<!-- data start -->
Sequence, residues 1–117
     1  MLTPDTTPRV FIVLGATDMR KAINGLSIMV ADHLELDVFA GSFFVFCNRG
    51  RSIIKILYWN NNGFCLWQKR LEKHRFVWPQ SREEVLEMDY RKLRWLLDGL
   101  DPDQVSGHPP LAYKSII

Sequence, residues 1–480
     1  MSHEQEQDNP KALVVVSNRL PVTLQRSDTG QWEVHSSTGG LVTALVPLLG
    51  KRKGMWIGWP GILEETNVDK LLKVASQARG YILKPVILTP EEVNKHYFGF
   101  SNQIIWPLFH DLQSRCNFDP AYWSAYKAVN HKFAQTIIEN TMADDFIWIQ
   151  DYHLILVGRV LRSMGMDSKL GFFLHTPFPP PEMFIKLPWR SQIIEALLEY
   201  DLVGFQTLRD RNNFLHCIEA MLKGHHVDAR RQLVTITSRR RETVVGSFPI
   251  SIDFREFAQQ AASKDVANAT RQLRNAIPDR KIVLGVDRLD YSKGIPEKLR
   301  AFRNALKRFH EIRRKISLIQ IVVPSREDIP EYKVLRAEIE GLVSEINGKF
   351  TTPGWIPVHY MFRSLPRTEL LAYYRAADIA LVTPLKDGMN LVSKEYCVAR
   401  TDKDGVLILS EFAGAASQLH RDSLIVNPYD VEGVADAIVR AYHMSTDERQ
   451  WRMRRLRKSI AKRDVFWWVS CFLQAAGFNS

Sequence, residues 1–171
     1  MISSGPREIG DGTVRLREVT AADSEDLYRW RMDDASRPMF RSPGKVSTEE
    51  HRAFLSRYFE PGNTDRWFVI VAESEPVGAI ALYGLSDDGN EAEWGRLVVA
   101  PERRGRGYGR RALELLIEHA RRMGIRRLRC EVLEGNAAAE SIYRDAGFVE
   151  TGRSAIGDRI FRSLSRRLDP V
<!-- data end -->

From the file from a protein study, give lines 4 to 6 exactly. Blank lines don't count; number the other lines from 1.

   101  DPDQVSGHPP LAYKSII

Sequence, residues 1–480
     1  MSHEQEQDNP KALVVVSNRL PVTLQRSDTG QWEVHSSTGG LVTALVPLLG